by Colleen M. Story
We’re coming to the end of the year—which means you may be feeling writer’s burnout.
Even a regular year of writing can be taxing. Add in a book launch (or two?), NaNoWriMo, and a few challenges on your WIP, and you may be thinking that you’d be just fine if you never wrote again!
But don’t worry. That’s the weariness talking. And weariness—even if it’s creeping into burnout—can be fixed with the right kind of rest.
Try the following suggestions and see if, by the time the new year comes around, you don't feel ready to pick up the pen (or keyboard) again.
1. Get Some Extra Sleep
Most of the time, you have to tend to the body first. Trying to restore your mind, emotions, and creativity while you’re still dragging around physically doesn’t work.
Writers are consistently up against deadlines and expectations. It’s common to end up at the end of the year feeling physically exhausted.
If you haven’t gotten a good night’s sleep in a while, you’re getting sick more often, or you’re experiencing more aches and pains than usual, you need this type of rest.
Solution: Take some time to tend to your sleep routine. Make sure you have a comfortable, quality mattress (they should be replaced every 5-8 years usually), that your room is cool and quiet, and that you keep all technology (including televisions) out of the bedroom.
Then incorporate a daily stretching routine or yoga practice to ease muscle tension. Finally, give yourself at least a weekend to rest as much as you need to. Use naps as much as you like!
2. Give Your Brain a Break
Writing takes a lot of brain power. We have to keep our settings, characters, timelines, and plotlines straight, and then we have to make sure we reach all our editing, publishing, and marketing deadlines.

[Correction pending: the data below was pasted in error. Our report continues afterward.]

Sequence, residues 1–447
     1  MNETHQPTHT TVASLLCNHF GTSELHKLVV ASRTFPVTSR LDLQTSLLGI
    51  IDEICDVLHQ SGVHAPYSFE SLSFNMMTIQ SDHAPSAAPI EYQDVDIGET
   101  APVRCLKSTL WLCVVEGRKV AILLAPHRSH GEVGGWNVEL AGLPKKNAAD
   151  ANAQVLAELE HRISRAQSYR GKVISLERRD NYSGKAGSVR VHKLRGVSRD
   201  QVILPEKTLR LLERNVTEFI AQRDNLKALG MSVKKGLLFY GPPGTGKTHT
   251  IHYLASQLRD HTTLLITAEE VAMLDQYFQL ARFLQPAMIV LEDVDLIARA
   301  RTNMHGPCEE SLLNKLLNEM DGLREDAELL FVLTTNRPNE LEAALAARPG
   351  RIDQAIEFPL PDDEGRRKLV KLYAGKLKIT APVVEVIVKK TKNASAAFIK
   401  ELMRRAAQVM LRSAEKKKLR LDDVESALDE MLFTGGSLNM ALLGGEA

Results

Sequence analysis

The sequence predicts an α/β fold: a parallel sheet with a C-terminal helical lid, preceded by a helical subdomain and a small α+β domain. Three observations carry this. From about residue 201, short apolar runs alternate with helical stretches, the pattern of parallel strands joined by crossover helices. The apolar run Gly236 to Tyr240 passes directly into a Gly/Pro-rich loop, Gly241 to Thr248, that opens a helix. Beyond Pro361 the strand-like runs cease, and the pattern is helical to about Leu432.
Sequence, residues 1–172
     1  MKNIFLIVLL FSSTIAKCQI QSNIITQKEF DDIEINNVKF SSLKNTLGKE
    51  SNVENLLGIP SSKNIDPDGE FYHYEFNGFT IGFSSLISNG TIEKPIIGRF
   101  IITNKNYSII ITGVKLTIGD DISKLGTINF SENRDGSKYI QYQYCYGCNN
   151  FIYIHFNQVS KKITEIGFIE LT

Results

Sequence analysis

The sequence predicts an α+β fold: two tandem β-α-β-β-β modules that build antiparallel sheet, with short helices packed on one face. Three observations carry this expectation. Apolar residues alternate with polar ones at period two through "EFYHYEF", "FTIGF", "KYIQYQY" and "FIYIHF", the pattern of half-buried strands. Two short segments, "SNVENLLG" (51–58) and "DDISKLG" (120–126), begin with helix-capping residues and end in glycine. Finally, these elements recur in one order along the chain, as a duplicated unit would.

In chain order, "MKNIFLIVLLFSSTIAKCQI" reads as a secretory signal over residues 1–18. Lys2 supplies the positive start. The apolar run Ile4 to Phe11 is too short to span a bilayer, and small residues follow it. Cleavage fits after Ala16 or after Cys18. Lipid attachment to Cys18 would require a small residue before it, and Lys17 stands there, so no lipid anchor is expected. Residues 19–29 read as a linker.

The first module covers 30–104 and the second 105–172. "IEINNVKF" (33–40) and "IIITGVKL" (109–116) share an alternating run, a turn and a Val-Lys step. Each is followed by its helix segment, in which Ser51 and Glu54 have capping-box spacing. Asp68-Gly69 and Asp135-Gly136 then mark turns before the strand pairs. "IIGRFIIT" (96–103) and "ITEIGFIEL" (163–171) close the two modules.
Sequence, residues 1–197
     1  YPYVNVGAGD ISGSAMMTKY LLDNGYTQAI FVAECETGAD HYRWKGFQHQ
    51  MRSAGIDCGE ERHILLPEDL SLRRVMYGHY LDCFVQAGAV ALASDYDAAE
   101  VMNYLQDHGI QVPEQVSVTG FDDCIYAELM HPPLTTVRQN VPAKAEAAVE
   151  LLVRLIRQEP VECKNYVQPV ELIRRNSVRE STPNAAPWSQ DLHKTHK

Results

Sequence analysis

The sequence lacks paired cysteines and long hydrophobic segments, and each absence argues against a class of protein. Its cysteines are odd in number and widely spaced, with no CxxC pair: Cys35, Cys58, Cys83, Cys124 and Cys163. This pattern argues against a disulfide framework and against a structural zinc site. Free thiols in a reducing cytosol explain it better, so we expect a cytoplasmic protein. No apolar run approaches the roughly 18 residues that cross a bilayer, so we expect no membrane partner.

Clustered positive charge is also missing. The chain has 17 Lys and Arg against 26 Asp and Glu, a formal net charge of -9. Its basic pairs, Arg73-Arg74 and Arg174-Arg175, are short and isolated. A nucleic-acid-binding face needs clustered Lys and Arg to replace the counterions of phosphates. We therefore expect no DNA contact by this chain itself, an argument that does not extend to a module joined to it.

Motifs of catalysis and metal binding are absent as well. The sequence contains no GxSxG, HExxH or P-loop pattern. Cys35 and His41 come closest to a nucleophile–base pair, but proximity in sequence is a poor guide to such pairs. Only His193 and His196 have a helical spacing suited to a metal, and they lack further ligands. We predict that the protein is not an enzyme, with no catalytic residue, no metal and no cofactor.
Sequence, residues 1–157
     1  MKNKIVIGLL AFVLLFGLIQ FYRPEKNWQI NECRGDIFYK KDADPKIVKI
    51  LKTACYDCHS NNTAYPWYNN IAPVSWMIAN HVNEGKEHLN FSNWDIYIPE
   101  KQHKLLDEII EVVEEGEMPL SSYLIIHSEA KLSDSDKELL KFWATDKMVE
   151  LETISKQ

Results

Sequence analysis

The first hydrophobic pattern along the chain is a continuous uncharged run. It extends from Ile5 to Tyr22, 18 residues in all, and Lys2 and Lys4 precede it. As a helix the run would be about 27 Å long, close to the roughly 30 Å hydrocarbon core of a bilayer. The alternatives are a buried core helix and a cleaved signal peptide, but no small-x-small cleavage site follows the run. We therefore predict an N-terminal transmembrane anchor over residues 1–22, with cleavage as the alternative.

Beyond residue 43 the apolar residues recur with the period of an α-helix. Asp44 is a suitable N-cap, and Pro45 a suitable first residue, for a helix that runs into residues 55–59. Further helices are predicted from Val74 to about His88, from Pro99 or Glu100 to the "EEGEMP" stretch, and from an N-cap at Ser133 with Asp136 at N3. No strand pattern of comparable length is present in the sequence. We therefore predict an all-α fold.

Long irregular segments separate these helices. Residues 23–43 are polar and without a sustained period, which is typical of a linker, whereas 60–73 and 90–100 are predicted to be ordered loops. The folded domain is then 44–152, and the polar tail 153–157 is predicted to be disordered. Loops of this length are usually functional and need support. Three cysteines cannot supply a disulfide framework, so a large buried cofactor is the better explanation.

After a year of writing, marketing, and book launching, your brain needs a break. Sleep will help, but it’s not enough.
If you suffering from brain fog and you’re taking longer than usual to get your projects done, you need this type of rest.
Solution: Try meditating, crafting, coloring, and long walks. Then schedule at least half a day once or twice a week to banish browsing and let your brain veg out. Rekindle your love of daydreaming.
3. Cater to Your Feelings
The writing life is a roller coaster. We all feel the ups and downs. Writing acceptance! Writing rejection. Great review! Poor review. A day in the writing flow. A day of writer’s block.
If you’ve spent the year “sucking it up” through a variety of disappointments, you need this type of rest.
Solution: Share your feelings in a journal. Establish and maintain boundaries with other people. Take a step back from demanding relationships for a while. Do what makes you feel happy. Be self-indulgent! Grant yourself a day to do anything you want without guilt.
Then go back and re-read all the positive comments and reviews you’ve received on your writing.
4. Court Your Muse
After a year of writing and marketing, your creative muse may have gone into hiding. We expect it to always be there for us, but sometimes we ask too much of it and it naturally withdraws.